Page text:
Proposition 47, issued in 2014 in California, lowered criminal sentences for drug possession, theft, shoplifting, identity theft, receiving stolen property, writing bad checks, and check forgery from felony charges that can bring prison terms to misdemeanors that usually come with minimal jail sentences, if any. Since that time, the Public Policy Institute says that larcenies increased by 9 percent, and thefts from vehicles had a three-quarters increase.
Overcrowded prison systems and a seemingly racist or unfair targeting of minorities created calls for reforms, especially on nonviolent crimes like stealing and drug possession. But even the noblest of intentions have unintended consequences. The consequences from this action weren’t very hard to foresee though. In economics, when something is more expensive you get less of it and when something is cheaper you buy more of it. There is never a shopping frenzy on Black Friday because of higher prices. Human behavior is the same way; when you lower penalties for crime, you get more of it.
Moreover, these types of crimes tend to be connected and sometimes light sentences make them worse. While it is not the most effective method, drug addicts who are usually convicted for drug possession or for stealing to support their habit, often receive treatment in jail. The lack of jail time for these crimes means there is less chance of addicts receiving the help that solves the addiction, which is the root cause of their criminal behavior. Instead, the San Louis Obispo County chief probation officer reports that drug users are fueling the rise in crime, especially car thefts, to support their drug habits.
Whenever the topic of criminal justice and reform comes up, I’m often reminded of a story told by a Chinese philosopher, Han Fei. In his teachings, he encouraged people to think of a young fellow who is a bad character. His parents may get angry at him, but he never makes any change. The villagers may reprove him, but he is not moved. His teachers and elders may admonish him, but he never reforms. The love of his parents, the efforts of the villagers, and the wisdom of his teachers and elders…and yet not even a hair on his shins is altered. It is only after the district magistrate sends out his soldiers and in the name of the law searches for wicked individuals that the young man becomes afraid and changes his ways and alters his deeds. So while the love of parents is not sufficient to discipline the children, the severe penalties of the district magistrate are.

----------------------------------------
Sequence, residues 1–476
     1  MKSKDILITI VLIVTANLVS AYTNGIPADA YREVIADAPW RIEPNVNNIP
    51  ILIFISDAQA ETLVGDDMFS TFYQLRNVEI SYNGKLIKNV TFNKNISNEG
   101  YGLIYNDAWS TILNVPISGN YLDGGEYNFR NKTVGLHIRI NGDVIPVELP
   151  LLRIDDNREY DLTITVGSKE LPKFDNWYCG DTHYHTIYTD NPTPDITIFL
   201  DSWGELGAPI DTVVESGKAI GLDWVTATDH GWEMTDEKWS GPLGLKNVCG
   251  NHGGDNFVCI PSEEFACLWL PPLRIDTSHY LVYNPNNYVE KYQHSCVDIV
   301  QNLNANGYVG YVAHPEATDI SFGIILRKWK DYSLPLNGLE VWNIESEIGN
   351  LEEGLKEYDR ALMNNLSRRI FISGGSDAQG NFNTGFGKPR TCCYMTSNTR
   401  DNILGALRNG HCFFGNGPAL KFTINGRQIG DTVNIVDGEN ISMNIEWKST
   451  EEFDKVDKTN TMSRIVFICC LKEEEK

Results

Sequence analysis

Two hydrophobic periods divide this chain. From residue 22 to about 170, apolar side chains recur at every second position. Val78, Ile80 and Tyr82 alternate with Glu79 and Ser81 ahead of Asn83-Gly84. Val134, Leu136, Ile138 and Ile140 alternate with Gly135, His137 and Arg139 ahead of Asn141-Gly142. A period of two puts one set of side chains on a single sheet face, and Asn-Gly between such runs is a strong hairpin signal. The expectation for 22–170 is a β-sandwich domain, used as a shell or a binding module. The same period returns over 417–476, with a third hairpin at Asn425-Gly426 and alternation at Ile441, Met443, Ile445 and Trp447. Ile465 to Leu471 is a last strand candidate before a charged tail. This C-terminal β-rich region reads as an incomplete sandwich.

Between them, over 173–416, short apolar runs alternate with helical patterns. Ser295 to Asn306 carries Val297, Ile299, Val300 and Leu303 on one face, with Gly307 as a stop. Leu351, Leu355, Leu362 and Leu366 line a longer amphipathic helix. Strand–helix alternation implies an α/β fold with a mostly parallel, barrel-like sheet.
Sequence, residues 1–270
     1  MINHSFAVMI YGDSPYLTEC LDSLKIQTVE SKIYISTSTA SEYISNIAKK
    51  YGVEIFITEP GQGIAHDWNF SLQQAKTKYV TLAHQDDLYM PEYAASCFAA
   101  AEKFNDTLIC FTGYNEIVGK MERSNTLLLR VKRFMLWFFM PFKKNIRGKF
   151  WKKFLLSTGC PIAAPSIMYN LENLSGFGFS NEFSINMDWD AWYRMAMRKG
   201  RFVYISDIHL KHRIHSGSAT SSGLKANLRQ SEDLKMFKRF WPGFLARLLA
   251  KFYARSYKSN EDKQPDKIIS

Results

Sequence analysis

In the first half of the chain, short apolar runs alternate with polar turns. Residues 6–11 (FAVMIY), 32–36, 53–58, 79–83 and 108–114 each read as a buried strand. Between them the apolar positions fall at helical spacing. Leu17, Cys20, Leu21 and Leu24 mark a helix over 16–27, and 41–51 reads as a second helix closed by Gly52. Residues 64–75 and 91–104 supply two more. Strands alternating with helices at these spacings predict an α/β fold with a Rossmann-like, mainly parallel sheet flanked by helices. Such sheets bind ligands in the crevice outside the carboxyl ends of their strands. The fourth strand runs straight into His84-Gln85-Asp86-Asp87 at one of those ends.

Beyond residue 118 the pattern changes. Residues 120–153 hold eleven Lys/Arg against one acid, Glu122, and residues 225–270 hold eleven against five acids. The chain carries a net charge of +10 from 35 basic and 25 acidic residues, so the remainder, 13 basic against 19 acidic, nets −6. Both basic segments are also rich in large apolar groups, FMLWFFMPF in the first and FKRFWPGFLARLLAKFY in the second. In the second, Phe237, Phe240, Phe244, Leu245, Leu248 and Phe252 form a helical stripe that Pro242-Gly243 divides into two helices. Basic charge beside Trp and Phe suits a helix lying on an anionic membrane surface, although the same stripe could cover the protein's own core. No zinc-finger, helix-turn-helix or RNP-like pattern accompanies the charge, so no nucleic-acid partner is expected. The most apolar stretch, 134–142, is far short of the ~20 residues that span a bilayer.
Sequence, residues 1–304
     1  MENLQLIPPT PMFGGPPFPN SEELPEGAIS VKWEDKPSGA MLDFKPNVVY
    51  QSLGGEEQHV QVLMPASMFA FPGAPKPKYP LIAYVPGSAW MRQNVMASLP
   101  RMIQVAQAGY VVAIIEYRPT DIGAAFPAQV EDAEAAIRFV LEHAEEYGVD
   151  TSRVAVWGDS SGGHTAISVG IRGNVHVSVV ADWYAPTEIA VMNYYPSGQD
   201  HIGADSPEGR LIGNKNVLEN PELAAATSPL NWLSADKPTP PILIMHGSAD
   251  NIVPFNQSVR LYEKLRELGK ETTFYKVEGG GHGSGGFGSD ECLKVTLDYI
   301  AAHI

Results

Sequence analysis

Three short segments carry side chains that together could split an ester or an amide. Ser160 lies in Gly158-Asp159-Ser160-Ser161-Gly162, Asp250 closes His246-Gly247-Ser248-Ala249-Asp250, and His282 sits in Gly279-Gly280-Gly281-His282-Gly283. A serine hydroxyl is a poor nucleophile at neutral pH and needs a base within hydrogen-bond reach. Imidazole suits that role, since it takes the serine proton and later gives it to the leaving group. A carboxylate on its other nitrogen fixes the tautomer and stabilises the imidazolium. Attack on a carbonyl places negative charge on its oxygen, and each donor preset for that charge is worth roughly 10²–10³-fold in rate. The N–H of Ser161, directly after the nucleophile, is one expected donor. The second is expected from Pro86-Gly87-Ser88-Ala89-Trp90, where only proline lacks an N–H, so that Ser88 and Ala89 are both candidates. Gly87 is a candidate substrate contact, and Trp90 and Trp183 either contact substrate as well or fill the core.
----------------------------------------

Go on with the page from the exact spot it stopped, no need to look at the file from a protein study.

This story ended up supporting legalist thinking in China, but modern conservatives might simply call it the law-and- order point of view. Change a few words and it has a striking application to the modern debate on the supposed ills of the criminal justice system. Liberals seem to blame everybody and everything for a criminal’s behavior except the criminal. The law-and-order view holds people accountable regardless of their race, gender, sex, creed, or myths about structural racism or the cycle of poverty. If they break the law, they are punished. It doesn’t matter how angry they are at white cops, they can’t commit vandalism. It’s sad if they are addicted, but they are still penalized for drug possession. If they break school rules, they are punished. When people feel the natural consequences of their behavior they tend to reform it.
When those consequences are minimized, softened, or excused away under various theories of social justice, then you end up getting more it. Despite the dramatic rise in crime in some areas, Californians for Safety and Justice argue that California is still seeing historic low-crime rates. That is small comfort to the victims of crime who suffer the most from the so-called compassion of their elites. They seem to have compassion for criminals who do the crime, but not for the honest, hardworking people that fall victim to them.